– isn’t it a good ad for those bloggers more than for “the planet” ? (the other blogs’ readers will probably want to check out blogs they didn’t know about before)
    – as we cannot really recognize those bloggers, will they really have an influence on people in a video ? As you said they might blog about it but beside their blog, their faces are not well known.

    It is just questions I ask. And, I don’t alter the fact that bloggers are fighting for an important cause with this video.

    Eve

  4. Thanks Eve for your comment. You raised interesting points that could generate more discussion.

    1. To your first question, I would tend to think that this kind of ad is beneficial for both parties. Like you mention, it is an ad for the cause and it is also an ad for the bloggers. However, when Kate Winslet appears in an ad for l’Oréal, we can say that it is an ad for Kate Winslet, as well as an ad for l’Oréal. In this way, they both get some benefits out of it, unless the fit is really bad between the advertisers and the endorser.

    2. Your second question is interesting. I personally agree that most viewers don’t really know who these bloggers are, and I think the impact is more at the aggregate-level than at the individual-level. In this way, it is more about the reunion of these bloggers than about these bloggers individually. However, concerning the impact of bloggers on this cause, I am pretty sure it is minimal, since Quebec is way ahead compared to the rest of Canada in terms of educating people to the climate cause.

  5. Hey Jean François,

    First, I believe that the concept shown in the ad is original and creative, but also effective: Like you said in your previous comment, having 60 people gathered toward a single cause and doing the same thing in the ad certainly attracts people’s attention.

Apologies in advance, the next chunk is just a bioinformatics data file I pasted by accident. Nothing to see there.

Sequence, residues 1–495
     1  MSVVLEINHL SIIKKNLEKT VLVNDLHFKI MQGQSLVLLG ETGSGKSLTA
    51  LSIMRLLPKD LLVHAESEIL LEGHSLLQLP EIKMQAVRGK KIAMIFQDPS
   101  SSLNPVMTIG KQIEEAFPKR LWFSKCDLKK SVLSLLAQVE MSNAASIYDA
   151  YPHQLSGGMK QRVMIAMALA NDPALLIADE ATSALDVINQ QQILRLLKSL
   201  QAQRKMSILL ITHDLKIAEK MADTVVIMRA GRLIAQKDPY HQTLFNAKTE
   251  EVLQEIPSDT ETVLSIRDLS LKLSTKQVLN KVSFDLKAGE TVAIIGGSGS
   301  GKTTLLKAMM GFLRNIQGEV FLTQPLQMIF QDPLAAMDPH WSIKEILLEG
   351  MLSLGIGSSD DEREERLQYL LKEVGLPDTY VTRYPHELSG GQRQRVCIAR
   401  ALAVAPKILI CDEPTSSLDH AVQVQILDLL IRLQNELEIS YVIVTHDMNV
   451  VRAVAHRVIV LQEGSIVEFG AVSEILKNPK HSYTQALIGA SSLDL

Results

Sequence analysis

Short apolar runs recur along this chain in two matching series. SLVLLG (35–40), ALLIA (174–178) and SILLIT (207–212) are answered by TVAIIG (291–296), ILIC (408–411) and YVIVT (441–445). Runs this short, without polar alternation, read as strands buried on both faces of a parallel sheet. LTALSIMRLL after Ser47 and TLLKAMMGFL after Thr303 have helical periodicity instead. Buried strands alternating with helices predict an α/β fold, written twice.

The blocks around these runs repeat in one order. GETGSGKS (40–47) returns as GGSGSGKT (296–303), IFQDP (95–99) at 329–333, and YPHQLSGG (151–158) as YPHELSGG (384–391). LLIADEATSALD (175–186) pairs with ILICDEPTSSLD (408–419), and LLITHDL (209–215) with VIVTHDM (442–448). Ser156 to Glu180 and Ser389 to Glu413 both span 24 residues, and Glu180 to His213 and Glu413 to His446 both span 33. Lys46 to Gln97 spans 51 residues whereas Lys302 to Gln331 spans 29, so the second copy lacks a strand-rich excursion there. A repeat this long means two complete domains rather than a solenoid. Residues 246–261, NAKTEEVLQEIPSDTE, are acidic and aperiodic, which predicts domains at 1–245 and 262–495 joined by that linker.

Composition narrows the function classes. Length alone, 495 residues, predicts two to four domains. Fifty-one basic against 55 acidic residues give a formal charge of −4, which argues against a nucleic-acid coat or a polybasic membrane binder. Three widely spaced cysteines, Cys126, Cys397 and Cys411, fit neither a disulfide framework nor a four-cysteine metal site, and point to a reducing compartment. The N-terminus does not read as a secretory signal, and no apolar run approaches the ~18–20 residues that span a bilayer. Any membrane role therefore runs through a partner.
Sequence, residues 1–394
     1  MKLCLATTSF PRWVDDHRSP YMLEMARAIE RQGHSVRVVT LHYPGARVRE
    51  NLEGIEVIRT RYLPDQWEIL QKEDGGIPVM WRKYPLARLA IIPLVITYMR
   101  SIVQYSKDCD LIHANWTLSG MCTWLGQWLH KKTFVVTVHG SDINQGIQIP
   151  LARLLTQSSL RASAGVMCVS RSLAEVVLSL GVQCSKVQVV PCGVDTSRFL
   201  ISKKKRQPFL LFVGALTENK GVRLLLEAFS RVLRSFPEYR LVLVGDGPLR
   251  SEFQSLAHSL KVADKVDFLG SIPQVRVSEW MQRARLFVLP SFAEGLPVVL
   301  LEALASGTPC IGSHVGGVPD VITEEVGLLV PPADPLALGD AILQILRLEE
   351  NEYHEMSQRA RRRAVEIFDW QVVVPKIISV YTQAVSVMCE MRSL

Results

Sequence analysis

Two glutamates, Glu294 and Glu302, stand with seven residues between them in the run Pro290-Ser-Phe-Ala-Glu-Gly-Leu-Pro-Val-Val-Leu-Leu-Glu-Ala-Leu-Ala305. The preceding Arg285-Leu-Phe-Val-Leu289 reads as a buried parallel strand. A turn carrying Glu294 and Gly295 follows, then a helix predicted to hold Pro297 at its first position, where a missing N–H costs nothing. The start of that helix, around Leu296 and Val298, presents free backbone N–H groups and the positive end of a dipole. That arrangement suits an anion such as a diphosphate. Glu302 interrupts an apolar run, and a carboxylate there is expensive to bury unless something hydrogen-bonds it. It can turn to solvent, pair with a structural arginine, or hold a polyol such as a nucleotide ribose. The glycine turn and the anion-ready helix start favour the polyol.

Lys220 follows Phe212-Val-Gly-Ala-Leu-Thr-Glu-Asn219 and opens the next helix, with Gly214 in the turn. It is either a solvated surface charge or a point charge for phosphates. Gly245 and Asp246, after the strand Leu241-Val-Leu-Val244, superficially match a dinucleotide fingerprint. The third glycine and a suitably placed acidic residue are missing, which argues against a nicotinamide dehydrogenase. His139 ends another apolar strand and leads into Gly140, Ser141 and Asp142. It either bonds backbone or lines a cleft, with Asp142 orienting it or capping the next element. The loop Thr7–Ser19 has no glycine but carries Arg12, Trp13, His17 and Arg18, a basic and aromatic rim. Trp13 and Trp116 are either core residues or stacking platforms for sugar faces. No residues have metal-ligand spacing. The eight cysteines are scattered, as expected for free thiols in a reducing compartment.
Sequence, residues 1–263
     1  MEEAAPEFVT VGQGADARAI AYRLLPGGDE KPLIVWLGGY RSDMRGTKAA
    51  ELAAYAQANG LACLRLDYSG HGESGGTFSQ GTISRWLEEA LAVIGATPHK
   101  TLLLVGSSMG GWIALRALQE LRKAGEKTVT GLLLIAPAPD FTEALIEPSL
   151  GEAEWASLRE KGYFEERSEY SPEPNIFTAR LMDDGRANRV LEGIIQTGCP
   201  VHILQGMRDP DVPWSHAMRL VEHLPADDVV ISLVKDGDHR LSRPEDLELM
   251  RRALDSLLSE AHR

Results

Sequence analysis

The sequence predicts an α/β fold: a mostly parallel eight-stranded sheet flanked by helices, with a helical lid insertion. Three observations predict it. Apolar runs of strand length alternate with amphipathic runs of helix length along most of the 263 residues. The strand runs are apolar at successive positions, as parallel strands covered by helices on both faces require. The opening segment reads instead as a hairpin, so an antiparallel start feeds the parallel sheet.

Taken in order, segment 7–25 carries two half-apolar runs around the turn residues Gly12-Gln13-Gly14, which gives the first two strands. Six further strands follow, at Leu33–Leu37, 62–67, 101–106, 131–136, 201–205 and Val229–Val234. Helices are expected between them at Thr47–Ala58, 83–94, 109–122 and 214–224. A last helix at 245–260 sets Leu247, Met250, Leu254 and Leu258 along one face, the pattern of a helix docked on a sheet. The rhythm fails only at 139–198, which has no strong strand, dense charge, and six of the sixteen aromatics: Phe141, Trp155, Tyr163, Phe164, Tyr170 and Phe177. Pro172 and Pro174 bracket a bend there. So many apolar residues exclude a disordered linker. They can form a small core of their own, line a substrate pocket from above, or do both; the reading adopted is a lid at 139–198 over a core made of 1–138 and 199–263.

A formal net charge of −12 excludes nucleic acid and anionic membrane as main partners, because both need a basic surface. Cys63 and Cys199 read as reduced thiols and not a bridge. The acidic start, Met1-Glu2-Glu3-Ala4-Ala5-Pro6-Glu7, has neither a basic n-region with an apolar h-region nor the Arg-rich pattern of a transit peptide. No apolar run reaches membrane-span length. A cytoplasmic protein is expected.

However, i still believe that the strategy chosen by Commensal to spread the word could have been done more efficiently…Why?
    In this particular ad, I believe that bloggers are not good endorsers based on their lack of credibility (Q2 of your post). Like you said, I will trust you if you talk about e-marketing and technology, but i won’t trust your opinion as regards climate issues. So even if i watch the video on your blog, i won’t post it on my blog, my twitter or my facebook, simply because i did not like it enough to represent it thoughout all the social media where i am present…so Viral Marketing stops here.
    Moreover, I believe that a better title could have been chosen for the video: Is it really useful to explain in the title that the video is illustrating “60 bloggeurs québécois”?

    My recommendations:
    1)Commensal could have used people with more “expert power”, that is, people who know more about the climate issues and that would have been more credible…Why not using bloggers who post articles related to the environment, sustainable development.
    2) But doing so would not be enough (actually, just doing so would change nothing). To be fully effective, i believe that the video should have shown the URL address of the company with a sentence such as “Pour en savoir plus, rendez-vous sur http://www...”. Then, for those who would actually go on Commensal’s website, it should have a special section/page explaining the concept of the video, showing the names of the bloggers who participated to the video as well as links reffering to their blogs (just like you did on this post!), where all the bloggers would then put more detailled information on how to act to solve climate issues.
    3) I believe the video would have reached more people if it had been done in English instead of French…First, simply because english is spoken by almost everyone in Canada and even in the rest of the world, which is definitely not the case of French. Second, because like you said, Quebec is way ahead compared to the rest of Canada in terms of educating people to the climate cause…So i believe that Quebecers did not need this video as much as Canadians from other provinces.

    Marc